As the basic State Budget Act sets stricter budget rules than EU requirements, Estonia's government coalition will be taking the route of relaxing the basic budget law, Prime Minister Kaja Kallas (Reform) confirmed Monday. Kallas is set to meet with representatives of banks Tuesday to discuss the idea of a possible banking tax.
"The idea with the [state budget] basic law is to tie it to European criteria," Kallas said Monday. "We've actually set ourselves tougher restrictions than European restrictions. And we simply cannot fulfill them. So we would do like Europe's and we won't outrun that."
The prime minister did not wish to specify in what sums exactly this fundamental change would contribute to the drawing up of next year's state budget.
"We've made a lot of progress, and I'm not going to state the amounts yet just in case, because we were arguing over these numbers just a moment ago," she acknowledged.
The coalition council convened at 1 p.m. on Monday to discuss next year's state budget. Although hopes of getting the state budget squared away over a two-day field trip to Vihula Manor last week didn't end up materializing, around noon Monday, Kallas was optimistic that an agreement will be reached soon.
"The expectation was that we'd reach a deal at the end of last week, but we'll try today, then," the Reform Party chair said. "Then again, nothing is agreed until everything is agreed. Let's see what's new from this weekend."
Both Kallas and Minister of Finance Mart Võrklaev (Reform) have said that in terms of the budget, one major source of revenue has been under discussion — an additional tax, in fact, according to Võrklaev.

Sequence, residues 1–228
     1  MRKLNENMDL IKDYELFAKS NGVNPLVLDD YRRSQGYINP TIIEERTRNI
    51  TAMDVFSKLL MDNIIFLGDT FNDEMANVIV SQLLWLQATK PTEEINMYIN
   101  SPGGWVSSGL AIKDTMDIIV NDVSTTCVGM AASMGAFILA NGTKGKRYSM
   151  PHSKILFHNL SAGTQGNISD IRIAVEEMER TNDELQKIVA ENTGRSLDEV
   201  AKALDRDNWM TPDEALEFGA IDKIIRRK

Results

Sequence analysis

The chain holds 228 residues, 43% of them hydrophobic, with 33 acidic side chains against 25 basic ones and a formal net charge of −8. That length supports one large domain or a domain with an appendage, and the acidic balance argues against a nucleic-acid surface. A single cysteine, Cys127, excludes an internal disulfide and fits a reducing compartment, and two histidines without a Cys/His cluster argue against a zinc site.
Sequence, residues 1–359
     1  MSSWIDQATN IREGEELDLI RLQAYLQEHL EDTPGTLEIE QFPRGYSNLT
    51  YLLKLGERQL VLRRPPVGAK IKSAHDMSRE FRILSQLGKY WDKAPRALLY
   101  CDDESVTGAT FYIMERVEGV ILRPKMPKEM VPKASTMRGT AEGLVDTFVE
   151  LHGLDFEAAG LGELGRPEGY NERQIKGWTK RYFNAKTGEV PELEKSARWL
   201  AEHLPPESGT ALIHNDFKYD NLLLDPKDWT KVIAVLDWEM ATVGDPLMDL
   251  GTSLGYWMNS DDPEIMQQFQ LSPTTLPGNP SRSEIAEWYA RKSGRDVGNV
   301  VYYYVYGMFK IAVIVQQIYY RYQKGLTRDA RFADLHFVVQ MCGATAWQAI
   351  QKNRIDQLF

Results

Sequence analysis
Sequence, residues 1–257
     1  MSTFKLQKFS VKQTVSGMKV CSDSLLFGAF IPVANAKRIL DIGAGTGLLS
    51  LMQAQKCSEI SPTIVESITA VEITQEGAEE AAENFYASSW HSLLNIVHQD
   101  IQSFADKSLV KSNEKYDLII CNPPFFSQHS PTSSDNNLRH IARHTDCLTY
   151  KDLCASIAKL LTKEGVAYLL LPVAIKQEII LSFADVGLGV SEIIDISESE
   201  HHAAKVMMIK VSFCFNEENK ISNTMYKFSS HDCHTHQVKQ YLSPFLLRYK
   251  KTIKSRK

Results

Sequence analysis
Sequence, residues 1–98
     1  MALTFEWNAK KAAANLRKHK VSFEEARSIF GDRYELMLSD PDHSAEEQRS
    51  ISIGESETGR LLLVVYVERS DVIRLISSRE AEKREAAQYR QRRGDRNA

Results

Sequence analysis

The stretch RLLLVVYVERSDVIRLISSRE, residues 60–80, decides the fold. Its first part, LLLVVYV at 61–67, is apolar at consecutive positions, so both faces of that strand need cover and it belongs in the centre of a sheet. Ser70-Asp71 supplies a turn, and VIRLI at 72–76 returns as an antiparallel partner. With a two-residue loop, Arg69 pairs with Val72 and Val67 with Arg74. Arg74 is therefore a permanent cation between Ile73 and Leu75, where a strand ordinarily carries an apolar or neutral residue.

On Monday, the prime minister said that nothing specific has been arranged.
"The idea is that if we need to find sources of revenue, then let's take that time and discuss it with everyone in society," she said. "So that everyone is on board."
ERR asked Kallas whether only an increase in the tax burden would be written into the state budget strategy, which would then be calculated precisely over the next year.
"Yes," she replied, "So that everyone would have enough time, and so that there would be rounds of approval, discussions — all of that."
She added that the government has previously been criticized for coalition partners agreeing on tax increases and the government coming up with a specific plan, and so they want to hold a social debate over the potential additional tax.
"We're trying to take everything into account," Kallas said. "To do it in such a way that we have time to discuss and agree on what the basis should be upon which we calculate this. How and whom it will affect more, whom it will affect less. So that we'd have time to draw up legislative intent; so that we'd have time to discuss and coordinate this with everyone. So that when it goes into effect, then it's been done in good, inclusive form, so to speak."
Commenting on the topic of cutting additional higher education funding, a controversy-sparking issue that Minister of Education and Research Kristina Kallas (Eesti 200) claims was specifically a Reform Party proposal, the prime minister said that she supports the approach that all sectors have to make an effort.
"This is where if we distribute this pain more evenly, so to speak, across all sectors, then it won't hurt anyone too much; rather, it will hurt a little bit for everyone — to put it this way," Kallas said.
Regarding a special tax on banks, the Reform chair acknowledged that that has been the wish of both of her party's government partners, i.e. the Social Democratic Party (SDE) as well as Eesti 200.
"I've invited representatives of all the banks to meet with me tomorrow to find a solution," Kallas said. "On how to get the revenue we need in the budget."
Editor: Aili Vahtla